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I've tried several different topologies, such as the full bridge rectifier and the following which I've successfully tested on other simulators.

Circuit

However, on Cadence I always end up getting static like this in the output...

Graph

Just be honest. Is it me? Or is it Cadence.

Edit:

Here is a picture of the circuit in Cadence.

enter image description here

Here is a picture of the output run from 0s to 3750us.

enter image description here

Here is a picture of the output run for 3s total.

enter image description here

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  • \$\begingroup\$ Not familiar with Cadence, but it looks like a configuration problem. You're not providing a sensible input to your circuit, or some device has the wrong or no model attached to it, or maybe you just connected the circuit wrong. \$\endgroup\$ – Hearth Nov 25 '18 at 16:29
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    \$\begingroup\$ Show a picture of the schematic directly from cadence \$\endgroup\$ – Linkyyy Nov 25 '18 at 16:31
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It's hard to tell what the problem is as you don't show the simulation specific parameters which cadence/pspice needs for it to function. But it seems to work fine for me:

enter image description here

enter image description here

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  • \$\begingroup\$ Hmm thats a good circuit there \$\endgroup\$ – snowg Nov 25 '18 at 16:57
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    \$\begingroup\$ Well. His 10ohm load provides a clue. \$\endgroup\$ – Edgar Brown Nov 25 '18 at 16:59
  • \$\begingroup\$ I like big loads. But why is that 10M there? I've legit stayed up all night tryna get this sucker to work. Also, what library is the transformer he used in? \$\endgroup\$ – snowg Nov 25 '18 at 17:00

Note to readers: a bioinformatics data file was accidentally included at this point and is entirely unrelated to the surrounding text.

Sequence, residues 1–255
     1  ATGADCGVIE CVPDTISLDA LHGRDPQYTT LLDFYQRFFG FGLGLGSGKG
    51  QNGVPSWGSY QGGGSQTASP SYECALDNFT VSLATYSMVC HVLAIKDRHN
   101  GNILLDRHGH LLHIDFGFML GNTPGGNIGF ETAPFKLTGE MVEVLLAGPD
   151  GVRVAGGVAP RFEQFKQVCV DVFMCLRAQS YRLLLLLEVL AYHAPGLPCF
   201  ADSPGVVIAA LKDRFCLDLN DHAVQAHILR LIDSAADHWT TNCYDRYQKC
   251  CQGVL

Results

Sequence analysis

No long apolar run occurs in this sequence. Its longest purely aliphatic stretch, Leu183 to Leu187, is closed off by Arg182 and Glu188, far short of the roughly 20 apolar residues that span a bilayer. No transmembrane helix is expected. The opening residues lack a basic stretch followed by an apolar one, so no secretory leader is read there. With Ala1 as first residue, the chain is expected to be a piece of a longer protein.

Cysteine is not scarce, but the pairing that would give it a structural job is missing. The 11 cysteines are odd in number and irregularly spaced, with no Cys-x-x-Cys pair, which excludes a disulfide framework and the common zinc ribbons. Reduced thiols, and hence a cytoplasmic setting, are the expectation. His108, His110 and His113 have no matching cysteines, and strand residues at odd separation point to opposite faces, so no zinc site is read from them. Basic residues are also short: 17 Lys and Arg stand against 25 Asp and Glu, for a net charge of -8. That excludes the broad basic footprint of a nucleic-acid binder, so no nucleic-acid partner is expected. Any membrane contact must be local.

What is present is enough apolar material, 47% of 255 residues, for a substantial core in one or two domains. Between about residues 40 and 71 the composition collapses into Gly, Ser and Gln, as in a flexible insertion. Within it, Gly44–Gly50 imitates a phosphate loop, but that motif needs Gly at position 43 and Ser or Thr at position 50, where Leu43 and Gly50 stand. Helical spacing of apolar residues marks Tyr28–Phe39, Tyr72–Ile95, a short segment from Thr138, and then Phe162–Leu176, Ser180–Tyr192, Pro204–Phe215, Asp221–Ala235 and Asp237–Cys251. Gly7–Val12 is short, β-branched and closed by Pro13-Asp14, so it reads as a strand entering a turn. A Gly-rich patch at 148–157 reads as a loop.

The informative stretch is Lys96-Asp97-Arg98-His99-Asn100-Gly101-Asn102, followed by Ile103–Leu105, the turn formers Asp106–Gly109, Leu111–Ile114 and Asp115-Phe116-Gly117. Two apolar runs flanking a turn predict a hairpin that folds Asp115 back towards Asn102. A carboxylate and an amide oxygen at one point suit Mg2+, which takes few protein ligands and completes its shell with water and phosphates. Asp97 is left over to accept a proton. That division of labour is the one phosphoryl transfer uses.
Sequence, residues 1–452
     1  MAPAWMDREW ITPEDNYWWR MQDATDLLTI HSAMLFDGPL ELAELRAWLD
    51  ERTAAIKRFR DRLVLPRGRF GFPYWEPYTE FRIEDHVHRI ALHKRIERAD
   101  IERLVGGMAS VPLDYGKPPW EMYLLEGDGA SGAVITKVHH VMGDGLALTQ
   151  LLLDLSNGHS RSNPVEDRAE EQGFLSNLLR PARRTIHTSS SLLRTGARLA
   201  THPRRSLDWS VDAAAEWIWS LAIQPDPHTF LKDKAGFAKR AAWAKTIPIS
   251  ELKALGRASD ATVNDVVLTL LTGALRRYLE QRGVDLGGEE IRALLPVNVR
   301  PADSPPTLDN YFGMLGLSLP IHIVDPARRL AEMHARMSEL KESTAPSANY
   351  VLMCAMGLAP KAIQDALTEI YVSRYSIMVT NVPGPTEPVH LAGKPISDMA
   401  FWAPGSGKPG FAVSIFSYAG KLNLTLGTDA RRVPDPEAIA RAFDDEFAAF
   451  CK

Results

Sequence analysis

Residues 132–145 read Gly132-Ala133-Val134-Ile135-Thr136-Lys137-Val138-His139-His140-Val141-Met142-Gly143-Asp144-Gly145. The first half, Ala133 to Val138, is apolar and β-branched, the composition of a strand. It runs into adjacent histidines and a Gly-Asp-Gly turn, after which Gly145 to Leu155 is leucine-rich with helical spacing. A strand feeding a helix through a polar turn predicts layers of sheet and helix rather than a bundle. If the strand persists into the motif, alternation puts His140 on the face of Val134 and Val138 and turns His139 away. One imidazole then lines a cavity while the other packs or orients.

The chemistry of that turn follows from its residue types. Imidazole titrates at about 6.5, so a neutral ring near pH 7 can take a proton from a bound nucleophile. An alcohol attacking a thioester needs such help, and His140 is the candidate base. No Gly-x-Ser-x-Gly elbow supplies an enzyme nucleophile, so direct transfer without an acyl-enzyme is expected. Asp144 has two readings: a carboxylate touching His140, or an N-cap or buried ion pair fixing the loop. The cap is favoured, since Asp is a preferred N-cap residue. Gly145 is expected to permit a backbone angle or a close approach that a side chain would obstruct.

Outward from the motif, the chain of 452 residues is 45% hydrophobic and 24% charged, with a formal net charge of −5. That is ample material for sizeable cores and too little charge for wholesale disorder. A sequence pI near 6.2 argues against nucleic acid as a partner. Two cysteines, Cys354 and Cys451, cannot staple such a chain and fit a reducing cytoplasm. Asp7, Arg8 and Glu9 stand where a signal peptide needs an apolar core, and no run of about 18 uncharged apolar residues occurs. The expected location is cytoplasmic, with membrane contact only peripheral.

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    \$\begingroup\$ @snowg: Both sides of the transformers needs to be referenced to a ground node for the simulator to be able to work. Therefore you add a big resistor to to ground, so the simulator can do it calculations. Its a simulator quirk. The transformer is formed from two inductors, "L", and with the k_linear parameter to specifiy that they are coupled together. \$\endgroup\$ – Linkyyy Nov 25 '18 at 17:04
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It looks to me like you need to use the "earth" symbol somewhere so that 0 volts is defined. At the moment there doesn't appear to be an earth on your circuit but that might be because you've cut-off the picture. Hopefully it's as simple as adding an earth node (as what is required in most simulators).

Try adding it at the junction of the two smoothing caps (1 uF). You might also want to explain why the diodes are "N4007" types instead of "1N4007".

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  • \$\begingroup\$ The image is simply a diagram. That isn't from a circuit I ran through a simulator. I'll test out your suggestion \$\endgroup\$ – snowg Nov 25 '18 at 16:51

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